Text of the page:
Datapages, Inc.Print this page

Importance of Gravity-Driven Compressional Tectonics in Northern Offshore and Deep-Offshore Gulf of Mexico: New Observations and Implications for Subsalt Interpretation


Philippe, Yann, David Wittoesch, Gwenael Guerin, Total E&P USA, Inc, Houston, TX


The offshore and deep-offshore GoM is characterized by the massive allochthonous Sigsbee salt canopy that was sourced from autochthonous salt by vertical or oblique salt feeders. This canopy is now buried below Late Miocene or younger mini-basins. Salt feed­ers are generally considered as Mesozoic to Early Miocene passive diapirs squeezed by con­traction in the Middle-Late Miocene.

Our seismic interpretations suggest that salt feeders originated as salt-cored contrac­tional anticlines rather than passive diapirs. Seismic and well data also reveal the presence of condensed Mesozoic-Middle Miocene slabs above the Sigsbee canopy. These slabs rep­resent autochthonous Mesozoic-Paleogene anticlines or plateaus that were incorporated into the canopy in the form of allochthonous rafts. These initial anticlines and plateaus were part of a broad contractional domain which included the Louisiana and Texas shelf. During the Neogene, most of these folds were rejuvenated and breached to form salt feeders, allow­ing the autochthonous salt to supply the Sigsbee canopy above. Lower-Middle Miocene fair­ways were preferentially restricted to surrounding synclines. Due to the Late Miocene to Recent southward progradation of the passive margin, these contractional structures have often been overprinted by younger gravity-driven extension. Consequently, many anticlines have partially collapsed, causing primary synclines to evolve into apparent turtle-back struc­tures.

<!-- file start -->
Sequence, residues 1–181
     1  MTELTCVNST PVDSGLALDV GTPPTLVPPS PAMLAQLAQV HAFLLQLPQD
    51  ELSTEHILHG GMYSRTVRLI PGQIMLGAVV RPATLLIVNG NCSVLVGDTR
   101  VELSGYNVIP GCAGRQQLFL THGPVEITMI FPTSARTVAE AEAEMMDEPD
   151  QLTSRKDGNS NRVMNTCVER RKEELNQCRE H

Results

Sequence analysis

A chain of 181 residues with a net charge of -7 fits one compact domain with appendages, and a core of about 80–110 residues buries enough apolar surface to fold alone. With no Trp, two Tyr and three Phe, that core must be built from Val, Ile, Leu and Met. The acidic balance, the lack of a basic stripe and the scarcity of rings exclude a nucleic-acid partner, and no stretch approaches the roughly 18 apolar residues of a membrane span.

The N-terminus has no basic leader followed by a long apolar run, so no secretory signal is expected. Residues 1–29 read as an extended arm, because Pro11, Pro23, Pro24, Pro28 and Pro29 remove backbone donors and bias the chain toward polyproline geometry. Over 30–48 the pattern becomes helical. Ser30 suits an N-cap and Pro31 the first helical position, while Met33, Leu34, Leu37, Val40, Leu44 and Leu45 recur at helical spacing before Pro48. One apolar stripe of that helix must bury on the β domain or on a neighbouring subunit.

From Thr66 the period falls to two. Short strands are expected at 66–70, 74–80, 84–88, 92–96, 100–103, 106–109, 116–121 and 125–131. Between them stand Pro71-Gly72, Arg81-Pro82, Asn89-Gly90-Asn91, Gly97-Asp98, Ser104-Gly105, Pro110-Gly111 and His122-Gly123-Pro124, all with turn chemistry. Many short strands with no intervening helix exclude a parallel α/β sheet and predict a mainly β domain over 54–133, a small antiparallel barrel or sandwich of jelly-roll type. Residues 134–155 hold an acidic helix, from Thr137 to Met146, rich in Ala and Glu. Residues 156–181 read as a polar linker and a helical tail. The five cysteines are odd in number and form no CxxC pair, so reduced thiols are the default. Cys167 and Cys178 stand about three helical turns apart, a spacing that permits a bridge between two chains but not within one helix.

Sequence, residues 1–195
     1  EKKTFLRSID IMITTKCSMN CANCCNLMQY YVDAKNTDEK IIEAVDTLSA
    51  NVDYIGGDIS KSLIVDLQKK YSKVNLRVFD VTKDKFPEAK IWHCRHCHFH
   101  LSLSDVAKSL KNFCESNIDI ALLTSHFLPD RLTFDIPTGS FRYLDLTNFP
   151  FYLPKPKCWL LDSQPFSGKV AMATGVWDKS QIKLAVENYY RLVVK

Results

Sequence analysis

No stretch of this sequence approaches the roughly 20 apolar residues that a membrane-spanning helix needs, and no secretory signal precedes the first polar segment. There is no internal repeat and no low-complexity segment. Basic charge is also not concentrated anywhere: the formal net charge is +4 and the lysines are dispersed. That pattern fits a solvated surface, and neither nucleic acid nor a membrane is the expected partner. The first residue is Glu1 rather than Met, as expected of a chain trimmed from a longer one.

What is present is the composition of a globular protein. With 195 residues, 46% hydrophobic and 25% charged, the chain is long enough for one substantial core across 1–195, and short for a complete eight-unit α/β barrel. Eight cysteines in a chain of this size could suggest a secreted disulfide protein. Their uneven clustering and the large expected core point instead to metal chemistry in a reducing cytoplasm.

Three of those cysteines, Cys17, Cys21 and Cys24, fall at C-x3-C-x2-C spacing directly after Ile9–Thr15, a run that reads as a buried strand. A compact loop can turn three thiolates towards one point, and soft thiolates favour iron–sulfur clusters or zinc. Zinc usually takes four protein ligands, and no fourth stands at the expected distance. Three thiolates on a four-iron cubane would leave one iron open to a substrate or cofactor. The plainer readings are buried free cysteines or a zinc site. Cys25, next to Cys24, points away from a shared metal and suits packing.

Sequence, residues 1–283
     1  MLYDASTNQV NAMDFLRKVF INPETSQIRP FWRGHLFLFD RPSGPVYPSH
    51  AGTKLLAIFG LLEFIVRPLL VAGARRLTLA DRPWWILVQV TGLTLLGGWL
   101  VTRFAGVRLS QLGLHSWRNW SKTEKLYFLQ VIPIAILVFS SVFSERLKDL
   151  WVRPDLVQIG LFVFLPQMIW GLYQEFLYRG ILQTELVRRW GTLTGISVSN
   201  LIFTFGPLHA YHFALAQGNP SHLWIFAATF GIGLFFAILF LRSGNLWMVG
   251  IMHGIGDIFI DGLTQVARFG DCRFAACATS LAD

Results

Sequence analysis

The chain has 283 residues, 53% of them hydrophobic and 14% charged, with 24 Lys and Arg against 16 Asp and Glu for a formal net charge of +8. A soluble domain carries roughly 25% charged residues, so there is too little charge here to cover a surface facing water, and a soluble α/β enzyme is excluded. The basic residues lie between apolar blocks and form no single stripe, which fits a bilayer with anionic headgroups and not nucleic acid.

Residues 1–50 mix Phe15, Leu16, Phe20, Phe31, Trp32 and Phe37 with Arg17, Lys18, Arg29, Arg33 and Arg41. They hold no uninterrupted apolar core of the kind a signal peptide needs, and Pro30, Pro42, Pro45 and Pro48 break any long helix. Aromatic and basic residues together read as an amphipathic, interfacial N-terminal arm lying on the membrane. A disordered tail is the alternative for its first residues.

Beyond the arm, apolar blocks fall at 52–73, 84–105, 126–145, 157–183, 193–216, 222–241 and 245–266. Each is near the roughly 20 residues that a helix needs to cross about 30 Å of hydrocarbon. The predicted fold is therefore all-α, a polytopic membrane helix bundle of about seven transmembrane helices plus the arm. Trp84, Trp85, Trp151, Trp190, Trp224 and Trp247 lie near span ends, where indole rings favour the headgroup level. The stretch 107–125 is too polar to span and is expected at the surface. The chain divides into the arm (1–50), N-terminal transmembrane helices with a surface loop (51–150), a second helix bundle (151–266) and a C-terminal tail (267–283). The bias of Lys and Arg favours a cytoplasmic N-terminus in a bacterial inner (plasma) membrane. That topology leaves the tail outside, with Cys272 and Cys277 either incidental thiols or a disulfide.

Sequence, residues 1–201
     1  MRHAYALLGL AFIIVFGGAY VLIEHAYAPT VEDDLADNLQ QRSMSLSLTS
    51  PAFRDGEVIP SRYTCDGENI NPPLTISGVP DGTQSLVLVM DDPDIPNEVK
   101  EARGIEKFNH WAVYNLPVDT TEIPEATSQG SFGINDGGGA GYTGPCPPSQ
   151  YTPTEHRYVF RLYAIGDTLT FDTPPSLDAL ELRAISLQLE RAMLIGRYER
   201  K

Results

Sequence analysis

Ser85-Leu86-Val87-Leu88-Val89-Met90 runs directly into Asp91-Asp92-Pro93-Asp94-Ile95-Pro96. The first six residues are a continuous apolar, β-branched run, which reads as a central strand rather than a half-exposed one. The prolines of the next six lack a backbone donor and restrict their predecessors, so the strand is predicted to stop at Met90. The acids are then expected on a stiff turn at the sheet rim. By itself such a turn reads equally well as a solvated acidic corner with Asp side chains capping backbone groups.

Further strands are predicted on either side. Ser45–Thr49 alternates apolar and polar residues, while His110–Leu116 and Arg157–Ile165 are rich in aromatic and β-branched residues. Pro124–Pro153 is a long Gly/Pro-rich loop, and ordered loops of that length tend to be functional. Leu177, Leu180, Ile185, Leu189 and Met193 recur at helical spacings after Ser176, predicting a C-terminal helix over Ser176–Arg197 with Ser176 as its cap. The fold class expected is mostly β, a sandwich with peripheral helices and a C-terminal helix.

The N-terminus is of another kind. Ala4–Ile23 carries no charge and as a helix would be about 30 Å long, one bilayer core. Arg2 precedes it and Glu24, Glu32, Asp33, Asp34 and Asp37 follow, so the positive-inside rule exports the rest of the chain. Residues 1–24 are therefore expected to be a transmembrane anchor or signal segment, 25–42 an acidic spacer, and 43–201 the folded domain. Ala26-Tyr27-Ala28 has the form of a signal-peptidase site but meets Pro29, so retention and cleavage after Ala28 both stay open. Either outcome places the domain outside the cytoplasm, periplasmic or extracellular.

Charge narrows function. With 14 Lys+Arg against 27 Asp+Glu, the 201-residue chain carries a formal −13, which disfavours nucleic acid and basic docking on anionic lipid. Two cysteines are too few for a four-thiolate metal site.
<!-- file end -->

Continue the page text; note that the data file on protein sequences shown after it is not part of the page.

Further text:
As it covers the whole deep-water GoM and parts of the Louisiana-Texas shelf, the Mesozoic to Miocene gravity-driven contractional domain is thus much wider than previous­ly believed. This alternate interpretation helps to clarify the tectono-sedimentary evolution in the subsalt interval prior to, during and after Sigsbee canopy development.